2. The second reason is that few can see past the obvious question of what techniques soldiers need to know to the less obvious question of how do we get them to know what we think they should know. We catch allot of criticism from martial artist for teaching the ground grappling from Brazilian Jiu-Jitsu. "Soldiers don't need to be rolling around on the ground", "The ground is the last place you want to be on the battlefield", "blah blah blah blah blah". The reason that we teach that stuff first is not because we think that it is a soldier's first option, or the preferred place to be, or "90% of fights etc.". The reason is that in the amount of time we have we can actually teach them something useful. From the beginning of time martial arts enthusiasts have been saying that if commanders would give more time, etc. etc. But the truth is that they will not. Commanders are under the same pressures now that they were 100 years ago and that they will be under 100 years from now. They will not give more time.
There has to be another answer, and we think we have found it.
I like to compare the way combatives used to be taught like learning marksmanship at the soldier of fortune convention. You put a guy behind a fifty caliber machine gun and its cool. He walks away motivated and it looks like training. But at the end of the day, no one showed him sight alignment or sight picture. So he didn't learn a thing about shooting. We all know that combat marksmanship is a difficult proposition. You are smoked and under stress. It is dark. The targets are fleeting, etc. etc. But no one doubts the necessity of learning Basic Rifle Marksmanship. Consider that dominant body position on the ground and the control of the range, angle and level in standup fighting are the BRM of combatives."
1. The defining characteristic of a warrior is the willingness to close with the enemy.
2. The winner of the hand-to-hand fight in combat is the one whose buddy shows up first with a gun."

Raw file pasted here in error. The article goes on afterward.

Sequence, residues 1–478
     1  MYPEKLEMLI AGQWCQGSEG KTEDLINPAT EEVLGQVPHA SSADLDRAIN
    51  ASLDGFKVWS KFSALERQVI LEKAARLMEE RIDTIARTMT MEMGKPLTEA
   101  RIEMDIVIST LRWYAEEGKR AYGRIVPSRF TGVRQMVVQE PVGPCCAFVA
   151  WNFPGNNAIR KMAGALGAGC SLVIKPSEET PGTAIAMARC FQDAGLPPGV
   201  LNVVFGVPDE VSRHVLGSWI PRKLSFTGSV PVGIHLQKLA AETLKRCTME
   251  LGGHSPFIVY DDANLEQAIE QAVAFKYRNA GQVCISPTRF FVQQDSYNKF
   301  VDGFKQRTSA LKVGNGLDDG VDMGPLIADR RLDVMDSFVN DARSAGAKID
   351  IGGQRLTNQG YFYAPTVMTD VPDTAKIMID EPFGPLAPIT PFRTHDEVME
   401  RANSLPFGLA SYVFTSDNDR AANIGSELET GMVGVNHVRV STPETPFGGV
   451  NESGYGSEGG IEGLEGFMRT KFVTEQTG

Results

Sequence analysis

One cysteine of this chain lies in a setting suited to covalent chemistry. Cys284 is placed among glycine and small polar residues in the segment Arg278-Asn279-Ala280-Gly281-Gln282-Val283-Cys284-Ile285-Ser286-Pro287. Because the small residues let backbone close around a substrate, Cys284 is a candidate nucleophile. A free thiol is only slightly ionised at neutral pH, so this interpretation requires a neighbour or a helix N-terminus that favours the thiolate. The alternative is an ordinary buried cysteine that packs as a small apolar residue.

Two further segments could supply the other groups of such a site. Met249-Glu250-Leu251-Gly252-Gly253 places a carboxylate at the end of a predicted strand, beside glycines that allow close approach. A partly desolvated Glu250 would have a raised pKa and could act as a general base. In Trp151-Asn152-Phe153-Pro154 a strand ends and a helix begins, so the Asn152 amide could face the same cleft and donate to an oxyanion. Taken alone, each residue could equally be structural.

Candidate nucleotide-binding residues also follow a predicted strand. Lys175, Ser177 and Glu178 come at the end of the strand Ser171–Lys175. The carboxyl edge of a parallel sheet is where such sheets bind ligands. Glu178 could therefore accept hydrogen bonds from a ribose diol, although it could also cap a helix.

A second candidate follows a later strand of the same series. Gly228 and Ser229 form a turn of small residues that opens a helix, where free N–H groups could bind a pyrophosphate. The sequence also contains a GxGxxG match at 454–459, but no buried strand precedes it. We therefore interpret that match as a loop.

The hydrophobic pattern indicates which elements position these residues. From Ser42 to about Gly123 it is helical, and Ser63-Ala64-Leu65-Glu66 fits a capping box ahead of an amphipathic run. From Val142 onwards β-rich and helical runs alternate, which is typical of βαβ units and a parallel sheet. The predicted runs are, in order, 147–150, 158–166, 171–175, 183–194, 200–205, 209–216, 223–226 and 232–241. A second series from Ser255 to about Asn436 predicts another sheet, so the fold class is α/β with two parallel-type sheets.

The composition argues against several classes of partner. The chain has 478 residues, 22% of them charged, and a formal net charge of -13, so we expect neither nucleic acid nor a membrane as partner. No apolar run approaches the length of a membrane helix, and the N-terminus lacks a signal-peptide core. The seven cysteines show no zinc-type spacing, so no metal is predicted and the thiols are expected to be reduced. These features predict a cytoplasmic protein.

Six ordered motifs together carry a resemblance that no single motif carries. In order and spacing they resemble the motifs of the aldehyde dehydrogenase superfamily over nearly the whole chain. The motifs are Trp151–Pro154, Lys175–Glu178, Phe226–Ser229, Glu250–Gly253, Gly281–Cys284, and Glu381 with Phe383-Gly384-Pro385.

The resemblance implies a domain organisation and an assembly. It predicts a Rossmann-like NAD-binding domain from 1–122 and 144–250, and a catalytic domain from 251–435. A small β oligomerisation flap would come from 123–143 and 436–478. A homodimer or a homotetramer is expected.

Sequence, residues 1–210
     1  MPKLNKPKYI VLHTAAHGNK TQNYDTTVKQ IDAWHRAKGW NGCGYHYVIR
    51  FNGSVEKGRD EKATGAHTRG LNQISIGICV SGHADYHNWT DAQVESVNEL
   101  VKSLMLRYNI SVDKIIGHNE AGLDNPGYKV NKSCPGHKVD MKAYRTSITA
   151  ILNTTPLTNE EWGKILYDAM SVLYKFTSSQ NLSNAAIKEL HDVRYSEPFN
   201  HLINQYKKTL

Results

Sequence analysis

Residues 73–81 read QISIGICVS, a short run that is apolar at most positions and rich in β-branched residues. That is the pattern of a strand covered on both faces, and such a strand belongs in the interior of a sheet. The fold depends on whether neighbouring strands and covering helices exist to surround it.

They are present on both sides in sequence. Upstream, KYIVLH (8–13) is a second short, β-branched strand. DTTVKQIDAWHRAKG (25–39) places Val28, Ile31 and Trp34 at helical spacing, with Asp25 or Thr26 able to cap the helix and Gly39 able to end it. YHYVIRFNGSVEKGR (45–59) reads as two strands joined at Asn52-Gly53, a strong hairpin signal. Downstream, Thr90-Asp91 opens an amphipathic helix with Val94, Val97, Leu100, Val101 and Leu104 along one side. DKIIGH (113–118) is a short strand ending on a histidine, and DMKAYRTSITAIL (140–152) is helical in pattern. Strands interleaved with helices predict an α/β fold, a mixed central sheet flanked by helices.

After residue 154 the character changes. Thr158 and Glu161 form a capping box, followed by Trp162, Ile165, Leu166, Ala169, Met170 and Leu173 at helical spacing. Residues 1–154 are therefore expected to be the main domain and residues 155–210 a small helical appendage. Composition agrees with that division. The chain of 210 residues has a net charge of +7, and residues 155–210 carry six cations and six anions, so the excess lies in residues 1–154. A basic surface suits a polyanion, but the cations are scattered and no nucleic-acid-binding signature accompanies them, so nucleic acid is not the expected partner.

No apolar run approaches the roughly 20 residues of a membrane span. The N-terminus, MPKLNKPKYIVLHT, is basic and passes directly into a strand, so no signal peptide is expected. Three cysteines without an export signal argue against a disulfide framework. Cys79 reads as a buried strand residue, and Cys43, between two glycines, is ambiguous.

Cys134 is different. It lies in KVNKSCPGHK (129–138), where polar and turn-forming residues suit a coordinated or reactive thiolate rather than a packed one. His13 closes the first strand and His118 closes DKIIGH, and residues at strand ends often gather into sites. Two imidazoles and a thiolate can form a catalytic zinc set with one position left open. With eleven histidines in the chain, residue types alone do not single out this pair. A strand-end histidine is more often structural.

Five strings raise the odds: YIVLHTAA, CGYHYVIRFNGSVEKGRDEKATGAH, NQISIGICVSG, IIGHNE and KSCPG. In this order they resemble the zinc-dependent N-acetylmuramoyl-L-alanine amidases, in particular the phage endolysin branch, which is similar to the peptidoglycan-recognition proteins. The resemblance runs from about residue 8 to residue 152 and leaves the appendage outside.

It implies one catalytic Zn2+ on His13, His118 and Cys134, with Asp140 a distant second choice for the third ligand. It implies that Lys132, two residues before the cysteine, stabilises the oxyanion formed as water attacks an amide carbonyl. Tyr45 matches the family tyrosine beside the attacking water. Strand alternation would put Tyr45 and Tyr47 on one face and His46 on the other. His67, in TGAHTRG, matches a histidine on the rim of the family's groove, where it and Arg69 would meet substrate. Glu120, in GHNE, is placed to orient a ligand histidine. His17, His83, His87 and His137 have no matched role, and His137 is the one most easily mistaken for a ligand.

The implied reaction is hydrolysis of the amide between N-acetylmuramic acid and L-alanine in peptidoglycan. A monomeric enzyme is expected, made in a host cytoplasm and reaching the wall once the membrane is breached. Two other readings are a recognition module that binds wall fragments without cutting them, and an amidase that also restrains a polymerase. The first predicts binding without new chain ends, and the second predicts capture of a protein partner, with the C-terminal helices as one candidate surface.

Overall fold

Factors that need to be considered
There are factors beyond in-service training that may need to be considered here. In-service training is one set of variables, and pre-service training is another set of variables.
For instance, this week I read in the open press about physical fitness levels of 2010 American recruits, and the percentages of population no longer physically fit for induction. The article states that in 1983 49 states had mandatory physical education in schools, and today that it had dropped significantly. It was in the Washington Post, Huffington Post, and on Fox News (a broad spread of politically oriented sources).
The push of the article was that more states will start requiring physical education. Why did they stop? Training reflects the thinking of the period in which it occurs.
The years of regular physical fitness training in youth add to ability in young adulthood. Not only ability, but resiliency, endurance, etc.
When I was in school during the "duck and cover" days, it was obvious tht the school system had a purpose, which was to produce citizens capable of national service and productive engagement at 18. Over time, I think that has changed, and the product of the school system that enters into young adulthood is different today.
Looking at in-service training, in viewing the actual American hand-to-hand and close-quarters combat training films of World War II (the originals), it was obvious that the techniques were kept few in number, and to the point. This included knife and bayonet techniques. These were easily acquired and could be repetetively trained. No black belts were being trained.